If you had a chance to attend Sunday School as a kid, you probably know the story of Joshua and the Walls of Jericho. Most military strategists would concur that you can’t win a battle with a horn. But in the Old Testament God often did strange things to win battles. He did this so there was no doubt that it was God who was with the victors, that is, Israel. It was all about obedience and recognizing who is truly God in a culture full of gods and goddesses.
Rahab was a prostitute. She had a home built into the wall of the city (Joshua 2:15) and in her trade, men were always coming and going. She was a woman of ill repute but was seeking God. When Joshua sent spies into the land, she already knew of their God. She said to the spies she was hiding in her home, “I know that the LORD has given you this land and that a great fear of you has fallen on us, so that all who live in this country are melting in fear because of you. We have heard how the LORD dried up the water of the Red Sea for you when you came out of Egypt, and what you did to Sihon and Og, the two kings of the Amorites east of the Jordan, whom you completely destroyed. When we heard of it, our hearts melted in fear and everyone’s courage failed because of you, for the LORD your God is God in heaven above and on the earth below.” (Joshua 2:9-11) Wow! Based on what she had seen and heard, she knew that the city recognized the God of Israel, and she herself makes a profession of faith in His sovereignty.
In rest of the story (you can read it in Joshua 2-6) Rahab hid the spies, helped them escape, was promised safety for her help, was given 2 commands to follow to ensure the safety of her household, watched the army march around Jericho, saw the walls fall, and was carried off into safety with her family and all in her household. We next hear of her in Matthew 1 where she is mentioned as one of the 5 women named in the genealogy of Jesus through Mary.
Rahab was truly a woman of faith. She trusted in what she had heard about God, obeyed the contract, and saved her family. “Now then, please swear to me [Rahab] by the LORD that you will show kindness to my family, because I have shown kindness to you. Give me a sure sign that you will spare the lives of my father and mother, my brothers and sisters, and all who belong to them—and that you will save us from death.” The spies answer, “This oath you made us swear will not be binding on us unless, when we enter the land, you have tied this scarlet cord in the window through which you let us down, and unless you have brought your father and mother, your brothers and all your family into your house. If any of them go outside your house into the street, their blood will be on their own heads; we will not be responsible. As for those who are in the house with you, their blood will be on our head if a hand is laid on them. But if you tell what we are doing, we will be released from the oath you made us swear.”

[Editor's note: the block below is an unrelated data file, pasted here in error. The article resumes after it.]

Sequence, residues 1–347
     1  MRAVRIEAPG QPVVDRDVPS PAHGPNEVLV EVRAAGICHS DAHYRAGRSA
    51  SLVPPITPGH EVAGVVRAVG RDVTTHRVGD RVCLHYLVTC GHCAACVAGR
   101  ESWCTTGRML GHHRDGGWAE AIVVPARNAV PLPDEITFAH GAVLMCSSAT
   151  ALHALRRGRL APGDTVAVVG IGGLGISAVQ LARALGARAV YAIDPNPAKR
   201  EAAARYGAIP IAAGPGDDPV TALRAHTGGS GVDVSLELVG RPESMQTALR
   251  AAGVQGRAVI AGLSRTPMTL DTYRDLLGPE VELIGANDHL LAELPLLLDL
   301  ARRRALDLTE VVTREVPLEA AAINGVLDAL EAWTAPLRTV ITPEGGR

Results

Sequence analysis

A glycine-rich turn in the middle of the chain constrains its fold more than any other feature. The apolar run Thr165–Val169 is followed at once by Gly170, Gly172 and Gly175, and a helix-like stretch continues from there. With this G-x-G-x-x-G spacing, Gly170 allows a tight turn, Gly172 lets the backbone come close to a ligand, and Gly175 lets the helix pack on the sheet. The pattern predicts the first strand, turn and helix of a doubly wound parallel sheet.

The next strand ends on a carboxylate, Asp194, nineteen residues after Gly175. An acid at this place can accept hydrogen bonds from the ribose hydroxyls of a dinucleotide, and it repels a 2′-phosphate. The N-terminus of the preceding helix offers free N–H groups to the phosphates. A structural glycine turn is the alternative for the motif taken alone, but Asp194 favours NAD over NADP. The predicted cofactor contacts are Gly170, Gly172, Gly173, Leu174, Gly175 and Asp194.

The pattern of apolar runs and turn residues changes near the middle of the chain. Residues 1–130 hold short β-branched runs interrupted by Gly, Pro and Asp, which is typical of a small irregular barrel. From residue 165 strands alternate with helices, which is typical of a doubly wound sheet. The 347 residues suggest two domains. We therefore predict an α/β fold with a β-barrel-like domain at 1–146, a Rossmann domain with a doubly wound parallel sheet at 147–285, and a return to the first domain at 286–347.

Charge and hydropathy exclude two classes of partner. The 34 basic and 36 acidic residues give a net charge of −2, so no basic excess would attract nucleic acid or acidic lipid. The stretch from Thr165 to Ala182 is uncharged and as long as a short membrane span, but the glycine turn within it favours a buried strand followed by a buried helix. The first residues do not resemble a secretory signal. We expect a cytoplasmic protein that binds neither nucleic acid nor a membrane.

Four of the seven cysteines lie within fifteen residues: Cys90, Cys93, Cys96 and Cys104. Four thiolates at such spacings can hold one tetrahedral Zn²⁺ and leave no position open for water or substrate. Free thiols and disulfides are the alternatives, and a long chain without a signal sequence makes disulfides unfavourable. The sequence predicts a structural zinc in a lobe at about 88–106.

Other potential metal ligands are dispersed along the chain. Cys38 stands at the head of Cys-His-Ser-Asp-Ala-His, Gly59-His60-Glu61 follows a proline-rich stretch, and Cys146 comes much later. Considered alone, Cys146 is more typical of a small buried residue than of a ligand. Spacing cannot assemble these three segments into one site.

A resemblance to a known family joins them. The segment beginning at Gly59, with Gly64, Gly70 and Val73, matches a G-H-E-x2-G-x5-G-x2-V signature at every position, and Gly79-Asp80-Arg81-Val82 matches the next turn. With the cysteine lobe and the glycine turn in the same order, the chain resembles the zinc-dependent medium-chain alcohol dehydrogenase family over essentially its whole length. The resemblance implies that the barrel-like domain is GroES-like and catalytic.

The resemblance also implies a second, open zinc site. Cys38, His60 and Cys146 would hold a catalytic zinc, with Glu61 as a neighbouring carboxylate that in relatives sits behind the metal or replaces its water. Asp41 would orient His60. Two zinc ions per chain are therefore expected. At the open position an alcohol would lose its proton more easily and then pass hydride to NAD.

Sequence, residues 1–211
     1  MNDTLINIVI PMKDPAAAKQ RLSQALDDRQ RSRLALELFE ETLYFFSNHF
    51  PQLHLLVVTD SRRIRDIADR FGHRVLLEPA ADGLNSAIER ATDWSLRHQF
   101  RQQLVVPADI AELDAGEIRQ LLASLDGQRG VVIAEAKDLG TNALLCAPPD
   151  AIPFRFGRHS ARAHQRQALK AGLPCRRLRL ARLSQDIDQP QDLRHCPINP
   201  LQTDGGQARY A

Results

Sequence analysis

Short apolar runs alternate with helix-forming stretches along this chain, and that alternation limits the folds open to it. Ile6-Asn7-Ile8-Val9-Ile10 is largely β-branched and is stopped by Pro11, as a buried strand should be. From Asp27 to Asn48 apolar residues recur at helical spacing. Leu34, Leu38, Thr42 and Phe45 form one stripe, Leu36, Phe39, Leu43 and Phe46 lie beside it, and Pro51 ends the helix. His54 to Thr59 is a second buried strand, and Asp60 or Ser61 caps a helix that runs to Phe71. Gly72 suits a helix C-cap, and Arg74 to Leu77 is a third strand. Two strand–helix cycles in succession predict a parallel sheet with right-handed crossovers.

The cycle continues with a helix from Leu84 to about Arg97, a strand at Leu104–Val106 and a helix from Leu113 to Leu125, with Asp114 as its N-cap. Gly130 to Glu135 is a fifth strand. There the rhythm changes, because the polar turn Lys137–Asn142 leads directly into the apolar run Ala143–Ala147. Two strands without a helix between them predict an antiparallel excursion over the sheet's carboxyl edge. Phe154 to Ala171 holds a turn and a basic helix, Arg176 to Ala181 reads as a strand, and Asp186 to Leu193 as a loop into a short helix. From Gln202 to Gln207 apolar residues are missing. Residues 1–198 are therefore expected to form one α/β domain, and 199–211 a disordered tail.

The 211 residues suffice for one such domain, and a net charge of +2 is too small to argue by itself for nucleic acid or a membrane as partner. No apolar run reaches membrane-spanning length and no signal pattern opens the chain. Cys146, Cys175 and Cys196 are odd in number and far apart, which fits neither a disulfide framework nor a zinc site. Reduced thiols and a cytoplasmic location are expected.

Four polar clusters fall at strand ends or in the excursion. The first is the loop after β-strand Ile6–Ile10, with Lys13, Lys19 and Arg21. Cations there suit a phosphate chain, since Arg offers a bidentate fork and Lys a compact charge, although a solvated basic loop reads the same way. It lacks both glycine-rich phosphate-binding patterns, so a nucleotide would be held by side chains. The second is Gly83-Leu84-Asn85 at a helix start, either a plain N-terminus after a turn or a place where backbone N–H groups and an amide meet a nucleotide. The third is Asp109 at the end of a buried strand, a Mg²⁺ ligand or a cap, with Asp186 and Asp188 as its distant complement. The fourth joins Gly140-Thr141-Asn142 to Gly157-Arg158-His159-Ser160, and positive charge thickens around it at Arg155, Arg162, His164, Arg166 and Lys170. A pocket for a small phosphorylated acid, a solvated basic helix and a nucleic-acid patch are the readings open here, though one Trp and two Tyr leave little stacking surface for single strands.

“Agreed,” she replied. “Let it be as you say.” So, she sent them away, and they departed. And she tied the scarlet cord in the window.” (Joshua 2:12-21)
I always believed she was rewarded for helping the spies and her act of faith was to bring her family into her home and drop the scarlet cord outside the window so she could be easily found and rescued. But then I tracked the timeline. During this whole timeline, Rahab and her family is staying inside her home. Patiently. Waiting to be rescued. It goes something like this:
*Rahab lowers the spies and ties the scarlet cord. She brings her family inside. (2:21)
*the spies hide in the hills for 3 days (2:22)
*the spies go on their way back to camp which involves fording the river (2:23)
*they arrive at camp and report all that has happened (2:23)
*a military decision is made (context between chapters 2 and 3)
*they go to the river and camp (3:1)
*3 days pass (3:2)
*a plan is made regarding ‘tomorrow’ (3:5)
*they break camp and cross the Jordan (3:14-17)
*40,000 military armed soldiers ‘hurry’ across the river (3:17;
*they camp at Gilgal and build an altar of stones to remember (4:1-9)
*the uncircumcised men are circumcised (5:2,3)
*they stay put until these men have healed (5:8)
*the Israelites celebrate the Passover (5:10,11)
*the army arrives at Jericho (5:13)
*they march around the city 6 times in 6 days (6:12-14)
*the 7th day the walls come tumbling down (6:15)
All this time, Rahab’s mother, father, brothers (plural), sisters (plural) their families and all those in Rahab’s household are INSIDE her home, waiting to be delivered. By tracking the dates given, and the events, it would easily be not less than 2 weeks, and more likely a month or more. Her faith—her trust in the promise–was great. For at least 14 days she managed to convince the whole of her family to wait upon the Lord, and to not go outside into the streets lest they be destroyed.
Rahab. A woman mentioned in the lineage of Jesus. A woman with quite the past. A woman who was not beyond redeeming and certainly a woman of faith in a God she had only heard about from the surrounding nations. What a reward to see that same God at work, rewarding her faith and trust, as the walls came tumbling down.
“Joshua said to the two men who had spied out the land, ‘Go into the prostitute’s house and bring her out and all who belong to her, in accordance with your oath to her.’ So, the young men who had done the spying went in and brought out Rahab, her father and mother, her brothers and sisters and all who belonged to her. They brought out her entire family and put them in a place outside the camp of Israel.” (Joshua 6:22, 23)
May God grant us patience as we wait for Him to fulfill His promises. May we have the faith of Rahab to stay under the umbrella of His care, even though we know the walls are going to come tumbling down all around us. May we have the faith of Rahab to wait not for a day or two, but for however long it takes. For He is faithful, and He will do as He has said.